Pittsburgh Pirates Free Agent Target: RHP Michael Wacha

BOSTON, MASSACHUSETTS - SEPTEMBER 27: Starting pitcher Michael Wacha #52 of the Boston Red Sox pitches at the top of the first inning of the game against the Baltimore Orioles at Fenway Park on September 27, 2022 in Boston, Massachusetts. (Photo by Omar Rawlings/Getty Images)
BOSTON, MASSACHUSETTS - SEPTEMBER 27: Starting pitcher Michael Wacha #52 of the Boston Red Sox pitches at the top of the first inning of the game against the Baltimore Orioles at Fenway Park on September 27, 2022 in Boston, Massachusetts. (Photo by Omar Rawlings/Getty Images) /
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Former long-time division rival starting pitcher Michael Wacha is coming off a decent season in Boston, and could be a potential free agent target for the Pittsburgh Pirates

The Pittsburgh Pirates will likely explore the free-agent market for a starting pitcher. Their starting rotation is relatively young and inexperienced. The most experienced pitcher in the starting pitching staff is Mitch Keller, as of right now. If the Pirates are looking for a veteran rotation anchor, they should look into former division rival Michael Wacha.

The Pittsburgh Pirates and their fans should be plenty familiar with Wacha. The right-hander spent the first seven seasons of his professional career with the division rival St. Louis Cardinals and pitched against the Pirates the third most in his career. Wacha had struggled heavily in the three years prior to 2022, posting a 5.11 ERA, 5.07 FIP, and 1.45 WHIP from 2019 through 2021. However, he had a nice rebound season with the Boston Red Sox.

In 127.1 innings, Wacha pitched to the tune of a 3.32 ERA, 4.14 FIP, and 1.12 WHIP. Wacha has never been a strikeout pitcher, and his 20.2% K% was in line with his career average of 20.9%. But his 6% walk rate was much better than his career average 7.3% rate and the best single-season mark of his career (unless you want to count his 2020 season in which he had a 5.9% walk rate in 34 innings). But his 1.27 HR/9 was poor and one of the worst in his career.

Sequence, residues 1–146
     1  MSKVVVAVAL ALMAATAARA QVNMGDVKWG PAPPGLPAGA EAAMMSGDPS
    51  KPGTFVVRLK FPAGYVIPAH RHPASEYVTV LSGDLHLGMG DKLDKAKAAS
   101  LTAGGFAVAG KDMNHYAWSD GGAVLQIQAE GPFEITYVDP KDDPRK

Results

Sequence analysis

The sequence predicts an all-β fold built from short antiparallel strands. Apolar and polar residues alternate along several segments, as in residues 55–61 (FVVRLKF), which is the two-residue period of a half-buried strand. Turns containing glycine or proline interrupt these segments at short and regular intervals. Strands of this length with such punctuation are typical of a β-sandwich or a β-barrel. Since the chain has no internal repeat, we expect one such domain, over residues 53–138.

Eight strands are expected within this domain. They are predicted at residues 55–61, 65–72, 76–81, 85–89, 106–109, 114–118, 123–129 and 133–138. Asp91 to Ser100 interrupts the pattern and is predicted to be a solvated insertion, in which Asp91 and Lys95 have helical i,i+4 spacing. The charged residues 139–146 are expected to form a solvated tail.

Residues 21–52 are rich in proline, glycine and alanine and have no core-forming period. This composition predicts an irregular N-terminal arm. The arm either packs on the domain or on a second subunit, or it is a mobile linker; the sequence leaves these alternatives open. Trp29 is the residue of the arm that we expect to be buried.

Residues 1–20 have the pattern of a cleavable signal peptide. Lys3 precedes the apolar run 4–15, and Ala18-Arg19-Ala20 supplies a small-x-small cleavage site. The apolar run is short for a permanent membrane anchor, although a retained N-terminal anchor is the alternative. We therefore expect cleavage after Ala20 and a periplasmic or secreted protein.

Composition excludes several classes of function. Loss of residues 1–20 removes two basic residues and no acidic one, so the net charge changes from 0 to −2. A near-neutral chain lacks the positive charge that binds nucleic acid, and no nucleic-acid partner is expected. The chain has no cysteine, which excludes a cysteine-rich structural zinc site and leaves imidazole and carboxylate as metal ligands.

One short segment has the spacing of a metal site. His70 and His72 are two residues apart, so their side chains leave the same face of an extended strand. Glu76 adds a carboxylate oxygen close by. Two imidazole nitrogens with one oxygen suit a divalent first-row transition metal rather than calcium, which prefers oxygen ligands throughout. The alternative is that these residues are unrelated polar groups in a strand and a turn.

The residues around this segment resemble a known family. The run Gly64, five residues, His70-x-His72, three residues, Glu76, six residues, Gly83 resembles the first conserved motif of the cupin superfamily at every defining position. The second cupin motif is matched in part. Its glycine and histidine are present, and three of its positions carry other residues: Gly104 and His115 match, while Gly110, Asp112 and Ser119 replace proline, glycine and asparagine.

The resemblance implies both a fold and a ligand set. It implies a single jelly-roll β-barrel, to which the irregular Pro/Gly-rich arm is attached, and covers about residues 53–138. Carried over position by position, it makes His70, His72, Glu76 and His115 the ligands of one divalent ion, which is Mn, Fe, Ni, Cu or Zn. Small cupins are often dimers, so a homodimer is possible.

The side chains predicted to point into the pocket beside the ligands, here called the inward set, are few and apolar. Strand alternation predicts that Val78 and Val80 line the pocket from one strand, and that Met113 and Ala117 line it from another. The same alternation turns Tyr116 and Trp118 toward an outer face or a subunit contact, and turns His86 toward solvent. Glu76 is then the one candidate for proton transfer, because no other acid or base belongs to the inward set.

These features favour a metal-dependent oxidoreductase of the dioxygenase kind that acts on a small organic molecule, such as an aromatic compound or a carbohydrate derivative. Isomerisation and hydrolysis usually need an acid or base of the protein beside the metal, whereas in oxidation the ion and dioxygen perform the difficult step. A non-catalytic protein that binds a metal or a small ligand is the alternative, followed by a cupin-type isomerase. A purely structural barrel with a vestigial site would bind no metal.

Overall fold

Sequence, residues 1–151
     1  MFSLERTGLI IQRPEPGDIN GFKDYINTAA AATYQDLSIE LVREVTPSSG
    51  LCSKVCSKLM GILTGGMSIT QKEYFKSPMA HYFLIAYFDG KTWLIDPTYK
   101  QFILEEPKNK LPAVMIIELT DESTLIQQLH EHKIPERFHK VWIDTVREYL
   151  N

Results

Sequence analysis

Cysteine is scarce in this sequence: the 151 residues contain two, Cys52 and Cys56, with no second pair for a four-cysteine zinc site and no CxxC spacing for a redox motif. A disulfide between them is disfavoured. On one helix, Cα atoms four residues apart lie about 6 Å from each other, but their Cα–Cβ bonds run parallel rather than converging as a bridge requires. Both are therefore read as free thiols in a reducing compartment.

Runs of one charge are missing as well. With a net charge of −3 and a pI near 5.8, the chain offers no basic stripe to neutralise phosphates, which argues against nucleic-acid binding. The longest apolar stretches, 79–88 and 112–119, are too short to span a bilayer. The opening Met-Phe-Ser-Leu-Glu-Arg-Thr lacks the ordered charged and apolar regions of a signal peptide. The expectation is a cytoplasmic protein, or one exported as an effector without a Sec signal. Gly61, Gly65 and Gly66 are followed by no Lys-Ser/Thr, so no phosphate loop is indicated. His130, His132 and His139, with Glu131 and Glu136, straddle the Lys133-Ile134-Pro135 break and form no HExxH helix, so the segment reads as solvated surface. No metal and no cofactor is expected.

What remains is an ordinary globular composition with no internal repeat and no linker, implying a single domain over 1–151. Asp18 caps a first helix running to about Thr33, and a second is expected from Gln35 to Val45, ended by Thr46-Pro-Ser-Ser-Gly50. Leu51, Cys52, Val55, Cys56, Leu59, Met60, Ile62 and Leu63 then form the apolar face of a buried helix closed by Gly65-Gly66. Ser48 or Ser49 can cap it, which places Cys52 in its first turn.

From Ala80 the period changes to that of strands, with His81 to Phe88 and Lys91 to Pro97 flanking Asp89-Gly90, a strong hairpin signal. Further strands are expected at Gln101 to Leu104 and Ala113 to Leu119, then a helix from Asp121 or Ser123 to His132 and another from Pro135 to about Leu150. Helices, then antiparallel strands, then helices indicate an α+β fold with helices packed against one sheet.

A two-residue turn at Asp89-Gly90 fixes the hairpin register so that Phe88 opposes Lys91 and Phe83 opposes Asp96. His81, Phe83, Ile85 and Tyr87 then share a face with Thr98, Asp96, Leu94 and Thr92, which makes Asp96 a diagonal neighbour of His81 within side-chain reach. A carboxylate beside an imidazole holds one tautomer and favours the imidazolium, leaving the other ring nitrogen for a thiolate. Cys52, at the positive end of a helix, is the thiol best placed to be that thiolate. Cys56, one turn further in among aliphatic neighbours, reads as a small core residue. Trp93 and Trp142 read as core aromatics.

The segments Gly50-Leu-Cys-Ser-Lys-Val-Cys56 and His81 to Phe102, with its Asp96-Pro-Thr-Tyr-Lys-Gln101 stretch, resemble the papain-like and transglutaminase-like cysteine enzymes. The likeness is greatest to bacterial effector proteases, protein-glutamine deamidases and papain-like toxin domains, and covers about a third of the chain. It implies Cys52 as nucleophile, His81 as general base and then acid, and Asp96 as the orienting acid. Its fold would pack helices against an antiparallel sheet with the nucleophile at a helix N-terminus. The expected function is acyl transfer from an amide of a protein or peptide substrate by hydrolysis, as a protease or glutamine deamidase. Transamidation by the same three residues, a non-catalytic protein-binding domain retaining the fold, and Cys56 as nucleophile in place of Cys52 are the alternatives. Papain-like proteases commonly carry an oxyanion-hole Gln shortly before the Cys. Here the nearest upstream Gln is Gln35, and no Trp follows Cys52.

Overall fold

Wacha’s numbers were blown up because of his final three starts of the year. Going into September 22nd, Wacha had a much healthier 2.61 ERA, 3.52 FIP, and 1.03 WHIP. Wacha’s strikeout and walk rate were still about the same as what he would have at the end of the year, but his HR/9 was a much better .87. That’s because Wacha allowed eight home runs through his last three outings, which totaled just 13.1 innings. Wacha was above average when it came to preventing hard-hit baseballs. He was in the top 56th percentile of average exit velocity and 70th percentile of hard-hit rate.

The worrisome aspect of Wacha’s season is his sustainability. Wacha had a 4.07 SIERA, 3.99 xFIP, 4.43 DRA, and 4.56 xERA. Wacha was helped by a generous .260 batting average on balls in play, and while he was above average in limiting hard contact, his 41% ground ball rate was relatively unimpressive, and the Red Sox defense was only marginally better than the Pirates. The Sox had -2 DRS, a -2.3 UZR/150, and -10 outs above average. The Pirates, meanwhile, had -1 DRS, a -3.2 UZR/150, and -20 outs above average.

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But even if Wacha is only a 3.90-4.00 ERA pitcher, he’d be good enough to serve as a back-of-the-rotation arm behind Mitch Keller, Roansy Contreras, Johan Oviedo, and J.T. Brubaker. Wacha has been a mid-to-back rotation starter for most of his career. Even if his 2022 performance is questionable, he would be a good veteran pick-up for the Pirates.

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